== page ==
SINGAPORE: Making childcare centres more affordable and accessible.
That is what the enhanced Marriage and Parenthood package may address, said Minister of State for Social and Family Development Madam Halimah Yacob.
And the ministry aims to set up more childcare centres in the heartlands and at workplaces in the coming years.
Three—year—old Lucas tags along whenever Louise Koh heads off for work at Changi Airport.
It’s also where he goes to school.
For 29—year—old Louise, having a childcare centre within her work premises makes a big difference.
It is also where he goes to school
Koh said: "The cost of bringing up kids now is very high, so both parents need to work to keep the family going, so it does help that here are such facilities around for us.
"It is very assuring because when I’m working in the day, I know that my son is close by to me, if anything happens to him) let’s say if he were to fall sick in the middle of the day, it is very easy for me to reach him very quickly.
Ms Koh said it also encourages her to have more children.
Changi Airport is one of the 34 workplaces that has benefited from grants provided by the Ministry of Social and Family Development.
Childcare centres located within government buildings can receive a one—off capital grant for conversion at 20 per cent of total cost, currently capped at S$52,700.
Those sited within a commercial building can receive one—off capital grant for the purchase of furnishings and equipment, currently capped at S$50,700.
It is part of efforts to make the workplace more pro—family.
Robin Goh, assistant vice president of corporate communications at Changi Airport Group, said: "It gives our employees a peace of mind well knowing that their children are in good care, and again in terms of proximity very close to them and of course with that peace of mind, our employees can of course do their work better and be more productive."
This childcare centre has been operating since 2006 and is the only centre within Changi Airport.
It caters up to 140 students and there’s already strong demand for more places, with about 50 children on the waiting list since the start of the year.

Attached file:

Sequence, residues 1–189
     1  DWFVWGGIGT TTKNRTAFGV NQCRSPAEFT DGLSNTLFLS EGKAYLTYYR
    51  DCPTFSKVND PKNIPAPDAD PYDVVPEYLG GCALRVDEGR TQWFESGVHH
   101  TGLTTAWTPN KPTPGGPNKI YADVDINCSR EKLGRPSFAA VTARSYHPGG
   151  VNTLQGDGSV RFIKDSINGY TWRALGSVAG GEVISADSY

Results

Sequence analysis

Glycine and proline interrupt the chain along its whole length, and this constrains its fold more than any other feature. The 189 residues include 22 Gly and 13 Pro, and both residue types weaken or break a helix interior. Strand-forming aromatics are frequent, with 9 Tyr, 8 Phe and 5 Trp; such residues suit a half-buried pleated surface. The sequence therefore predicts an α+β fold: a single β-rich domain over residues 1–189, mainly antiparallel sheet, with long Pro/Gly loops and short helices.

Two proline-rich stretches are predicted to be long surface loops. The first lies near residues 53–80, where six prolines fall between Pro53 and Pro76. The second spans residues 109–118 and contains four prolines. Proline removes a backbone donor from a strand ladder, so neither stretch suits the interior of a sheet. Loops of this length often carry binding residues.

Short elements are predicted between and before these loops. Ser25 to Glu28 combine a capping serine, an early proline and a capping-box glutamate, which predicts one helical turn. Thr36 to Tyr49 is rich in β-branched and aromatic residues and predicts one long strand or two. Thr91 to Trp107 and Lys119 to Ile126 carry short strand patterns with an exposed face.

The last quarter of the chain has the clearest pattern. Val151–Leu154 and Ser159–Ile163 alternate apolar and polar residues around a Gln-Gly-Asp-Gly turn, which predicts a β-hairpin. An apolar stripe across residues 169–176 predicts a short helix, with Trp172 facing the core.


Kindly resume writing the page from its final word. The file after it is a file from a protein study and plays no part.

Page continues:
The ministry aims to increase the number of childcare centres in workplaces.
Nine employers and building owners voiced interest when the ministry launched an information kit on the grants last May.
But only one decided to set up a childcare centre this year.
Madam Halimah said: "The challenge for many of these childcare centres who want to set up is that it can be quite pricey for them in terms of the rental cost, particularly in commercial buildings so that is their concern.
"Employers should think for themselves to think that this is a win—win strategy for them to attract and retain talent you see."
For now, the ministry aims to see about five workplace childcare centres being set up every year.
Madam Halimah said: "We aim to have at least about five per year, so you see, the aim is modest but we feel that is one source we feel it is to be supplemented by the other efforts to set up childcare centres near the homes."
The ministry also wants to address issues beyond access to childcare.
Madam Halimah said, "It has to be accessible, if it is too far, it is no use to families. It has to be affordable, if it is too expensive, then it is prohibitive as well, and thirdly it has to be of certain quality so we try. We are improving all these three prongs so the Marriage and Parenthood package may address some of these."
Workplace childcare centres currently make up 27 per cent of all child care centres.
As of this year, there are a total of 272 workplace childcare centres. This is about 20 per cent more than 2010 when there were 223 workplace childcare centres.
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